How to Host Your Own 5k
Last February my (now) husband and I sat across from each other at our dining room table trying to decide what to do about our wedding rehearsal dinner. We weren’t going to have bridesmaids or groomsmen in our wedding, so an intimate wedding party event didn’t make sense. However, many of our guests were traveling from out of town, so we wanted an event for everyone to attend. Money, of course, was also a factor. Frustrated and ready to give up, my husband’s eyes lit up and asked, “what if we have a 5k?”
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My husband, for all intents and purposes, is not a runner. I once convinced him to run the Twin Cities Marathon, and afterwards I was pretty sure he’d never run again. So yes, I am fully aware that him suggesting a 5k means that he loves me. A lot.
Off we set out to organize our own 5k with a casual dinner afterwards for all guests to enjoy. The idea seemed simple enough, but where would we run? What supplies would we need? How do we get one of those big clocks? These were questions we needed to figure out, and ones you’ll have, too, if you want to host your own 5k.
Why Would you want to Host Your own 5K?
The 5k is the perfect distance, just ask Lauren Fleshman! While there certainly is no shortage of 5k races around the world, sometimes, you just want to have your own. Need a fun activity for a family reunion? Host a 5k. Looking to include some competition at the company picnic? Host a 5k. Really, really want an event that features superhero costumes, caffeinated water stops, and roller skates? I mean, not my ideal race, but host a 5k!
Hosting your own 5k isn’t necessarily easy, but it’s definitely rewarding. Here are a few things you’ll need:
All great events have a good race route! Pick a route that measures your desired distance, mark it out with easily visible chalk, flags or cones, and be sure to include something scenic or pretty along the way! (If you’re interested in closing off streets, contact your local police department.)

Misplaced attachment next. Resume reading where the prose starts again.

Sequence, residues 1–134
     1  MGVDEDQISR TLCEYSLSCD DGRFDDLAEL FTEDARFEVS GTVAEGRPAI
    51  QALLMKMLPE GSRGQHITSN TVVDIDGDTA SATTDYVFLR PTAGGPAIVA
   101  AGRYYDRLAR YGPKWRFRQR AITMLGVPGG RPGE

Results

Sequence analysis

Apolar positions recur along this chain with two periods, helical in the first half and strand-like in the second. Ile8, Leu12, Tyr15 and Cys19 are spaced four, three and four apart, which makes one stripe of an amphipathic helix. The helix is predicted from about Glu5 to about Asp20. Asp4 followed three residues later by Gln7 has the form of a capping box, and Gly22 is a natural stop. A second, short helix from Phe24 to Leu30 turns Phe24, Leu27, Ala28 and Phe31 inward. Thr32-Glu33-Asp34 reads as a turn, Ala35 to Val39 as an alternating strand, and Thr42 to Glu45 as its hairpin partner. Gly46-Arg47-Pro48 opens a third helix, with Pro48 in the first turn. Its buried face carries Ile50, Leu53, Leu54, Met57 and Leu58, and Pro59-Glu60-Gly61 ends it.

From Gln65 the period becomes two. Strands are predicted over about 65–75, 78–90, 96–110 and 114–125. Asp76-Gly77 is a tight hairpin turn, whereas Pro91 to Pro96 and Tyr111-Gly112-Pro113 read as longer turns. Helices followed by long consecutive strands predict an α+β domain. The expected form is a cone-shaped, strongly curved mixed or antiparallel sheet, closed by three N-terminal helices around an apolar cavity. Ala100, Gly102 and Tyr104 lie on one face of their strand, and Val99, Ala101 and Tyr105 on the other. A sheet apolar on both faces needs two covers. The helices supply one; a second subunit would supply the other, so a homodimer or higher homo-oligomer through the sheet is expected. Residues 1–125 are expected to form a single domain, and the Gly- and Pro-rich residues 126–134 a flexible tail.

For our Rehearsal Dinner 5k, we chose to map the route in our immediate Minneapolis neighborhood (Powderhorn) and nearby Powderhorn Park. We drew directional arrows on the sidewalk with sidewalk chalk to be sure participants knew the course, and wrote encouraging messages along the way. If you happened to be running in Powderhorn Park on May 22, 2015, you may have seen the words “THERE’S PIZZA AT THE FINISH” written along the paths; you’re welcome!
Choose a start and end time for your event, organize your timeline, and communicate clearly to all participants. Does your race route follow a popular path or run around a lake? Be sure to do your research and check to see if other events are taking place on the same day. Adjust times if necessary.
We chose to host our event in the evening to correspond with the dinner part of our event. This worked out great for our purposes, and could be a great option if your chosen route is crowded or in use during the day.
Are your participants seasoned runners? Walkers? Or perhaps they are 5k newbies? Be sure to communicate the event guidelines to all participants so everyone can have fun. Consider banning headphones on busy streets, allowing strollers, or setting finish time limits.